Showing 2 Component static motionless mixing schematic

Static Mixers (or motionless mixers) are designed to mix materials with equal or different viscosities and different flow rates.  Used as in-line mixers they have been used successfully for many years in the reaction and heating of cooling of liquids, mixing and dispersing, slurries, multi-phase contacting of gases and solids and liquids.


The selection of the correct mixer for your application is based on the process unit operation being practiced.

(Figure A) In continuous processes, static mixers create a homogeneous

mix in a short length with no moving parts.

Static or Motionless mixers are used in either a continuous process where they homogenise fluids or usually in their plastic form are used as a disposable mixing solution such as applying curing agents and two pack resins. (see figure a).  Pumps or blowers are used to transport the mixing components which also control the flow rates and pressure required form mixing.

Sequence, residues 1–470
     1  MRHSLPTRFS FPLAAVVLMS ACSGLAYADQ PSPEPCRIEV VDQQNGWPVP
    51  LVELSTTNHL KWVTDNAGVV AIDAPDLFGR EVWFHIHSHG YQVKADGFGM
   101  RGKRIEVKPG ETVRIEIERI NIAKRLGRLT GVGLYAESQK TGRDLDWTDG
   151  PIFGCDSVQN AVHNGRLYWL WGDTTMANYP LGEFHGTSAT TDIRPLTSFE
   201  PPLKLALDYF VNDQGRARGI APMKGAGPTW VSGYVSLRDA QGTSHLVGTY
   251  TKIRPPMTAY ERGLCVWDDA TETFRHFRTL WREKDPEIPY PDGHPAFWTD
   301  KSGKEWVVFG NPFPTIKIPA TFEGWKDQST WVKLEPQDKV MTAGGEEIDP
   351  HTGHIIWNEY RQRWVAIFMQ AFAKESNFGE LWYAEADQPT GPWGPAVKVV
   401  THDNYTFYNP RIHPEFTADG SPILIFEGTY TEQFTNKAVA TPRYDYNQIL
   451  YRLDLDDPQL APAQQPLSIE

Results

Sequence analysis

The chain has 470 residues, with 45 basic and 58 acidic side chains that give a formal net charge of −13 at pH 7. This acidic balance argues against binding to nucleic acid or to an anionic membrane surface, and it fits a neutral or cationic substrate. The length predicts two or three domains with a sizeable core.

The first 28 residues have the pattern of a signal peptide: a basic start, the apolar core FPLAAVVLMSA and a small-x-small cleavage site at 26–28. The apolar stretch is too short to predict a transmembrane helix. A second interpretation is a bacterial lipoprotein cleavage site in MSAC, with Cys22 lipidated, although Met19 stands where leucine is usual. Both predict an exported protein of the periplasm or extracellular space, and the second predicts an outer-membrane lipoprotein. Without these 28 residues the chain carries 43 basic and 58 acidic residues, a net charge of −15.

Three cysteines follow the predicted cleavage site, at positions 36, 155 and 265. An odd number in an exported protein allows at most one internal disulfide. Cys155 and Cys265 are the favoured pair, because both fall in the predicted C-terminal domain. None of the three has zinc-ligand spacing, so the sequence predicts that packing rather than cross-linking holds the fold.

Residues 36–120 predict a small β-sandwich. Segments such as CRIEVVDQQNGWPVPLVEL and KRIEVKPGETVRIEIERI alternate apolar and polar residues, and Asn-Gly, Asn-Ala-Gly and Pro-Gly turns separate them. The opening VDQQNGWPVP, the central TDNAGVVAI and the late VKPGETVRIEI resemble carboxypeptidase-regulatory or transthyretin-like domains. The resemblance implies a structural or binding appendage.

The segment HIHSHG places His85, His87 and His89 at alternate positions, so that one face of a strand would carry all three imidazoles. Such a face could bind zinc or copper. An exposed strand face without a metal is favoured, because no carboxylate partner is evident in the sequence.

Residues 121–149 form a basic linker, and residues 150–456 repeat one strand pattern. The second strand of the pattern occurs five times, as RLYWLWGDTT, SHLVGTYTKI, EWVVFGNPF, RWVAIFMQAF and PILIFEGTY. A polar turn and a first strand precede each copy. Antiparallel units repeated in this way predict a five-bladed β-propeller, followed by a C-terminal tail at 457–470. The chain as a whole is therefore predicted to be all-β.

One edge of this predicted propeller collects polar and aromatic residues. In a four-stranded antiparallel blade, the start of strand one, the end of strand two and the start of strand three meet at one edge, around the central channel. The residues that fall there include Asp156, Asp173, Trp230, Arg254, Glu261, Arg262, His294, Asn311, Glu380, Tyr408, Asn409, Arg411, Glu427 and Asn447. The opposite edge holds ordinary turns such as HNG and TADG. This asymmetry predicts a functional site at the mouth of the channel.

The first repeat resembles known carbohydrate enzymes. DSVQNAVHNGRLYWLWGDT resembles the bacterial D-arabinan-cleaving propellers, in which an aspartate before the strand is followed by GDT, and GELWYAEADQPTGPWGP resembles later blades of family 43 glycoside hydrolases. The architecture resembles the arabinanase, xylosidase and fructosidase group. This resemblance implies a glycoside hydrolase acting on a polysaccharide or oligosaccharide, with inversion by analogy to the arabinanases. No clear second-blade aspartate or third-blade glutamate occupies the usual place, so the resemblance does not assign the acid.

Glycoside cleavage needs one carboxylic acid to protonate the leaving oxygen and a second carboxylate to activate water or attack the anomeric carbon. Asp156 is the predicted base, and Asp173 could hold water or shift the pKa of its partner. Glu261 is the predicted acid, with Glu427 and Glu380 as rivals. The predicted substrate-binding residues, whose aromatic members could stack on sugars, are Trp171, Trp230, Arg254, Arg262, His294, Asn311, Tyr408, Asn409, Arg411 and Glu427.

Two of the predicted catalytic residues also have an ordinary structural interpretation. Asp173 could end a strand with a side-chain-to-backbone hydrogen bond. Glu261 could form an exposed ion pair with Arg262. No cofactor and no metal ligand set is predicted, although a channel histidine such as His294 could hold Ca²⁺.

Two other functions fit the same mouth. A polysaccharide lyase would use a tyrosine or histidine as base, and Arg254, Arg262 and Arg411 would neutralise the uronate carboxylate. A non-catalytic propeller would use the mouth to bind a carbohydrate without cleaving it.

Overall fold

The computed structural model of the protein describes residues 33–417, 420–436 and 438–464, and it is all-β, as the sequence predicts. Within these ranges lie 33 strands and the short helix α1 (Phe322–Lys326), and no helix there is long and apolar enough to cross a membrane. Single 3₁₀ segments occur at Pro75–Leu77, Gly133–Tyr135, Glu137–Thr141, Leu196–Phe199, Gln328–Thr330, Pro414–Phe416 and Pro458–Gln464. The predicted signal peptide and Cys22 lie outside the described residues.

A static mixer consists of individual mixing elements stacked in series (figure B). Each mixing element is oriented 90 degrees relative to the adjacent mixing element to create homogeneous mixing in both the horizontal and vertical directions. The static mixing elements divide and recombine the feed materials so that the stream exiting the static mixer is homogeneous with regard to concentration, temperature and velocity which are equalized throughout the entire pipe cross-section.

Choosing the Correct Mixer

GX Mixers - Figure B

The correct static or motionless mixer will depend on your process and the system requirements, the fluid properties, the level of mixing required and and pressure drop limitations must be taken into account.


The GX X Grid design (figure b) has a dramatically better mixing properties when compared to a simple HT Helix mixer.


This design is more expensive but to get to the true costs it is important to consider, better control of the mixing head, less wasted mixing components for disposable applications and shorter mixing housings required for fixed installations.


Using a Helix HT mixers is still very popular due to it inexpensive design, low pressure drop and its open none fouling design. (figure c)


However compared to a GX X grid design (figure b) its mixing performance is much lower than an X grid design so much long mixing channels will be required to achieve the same level of mixing.


Brochures & Technical Downloads

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Table showing mixing properties of a GX static mixer

Helix Mixers - Figure C

Table showing mixing properties of a helical static mixer

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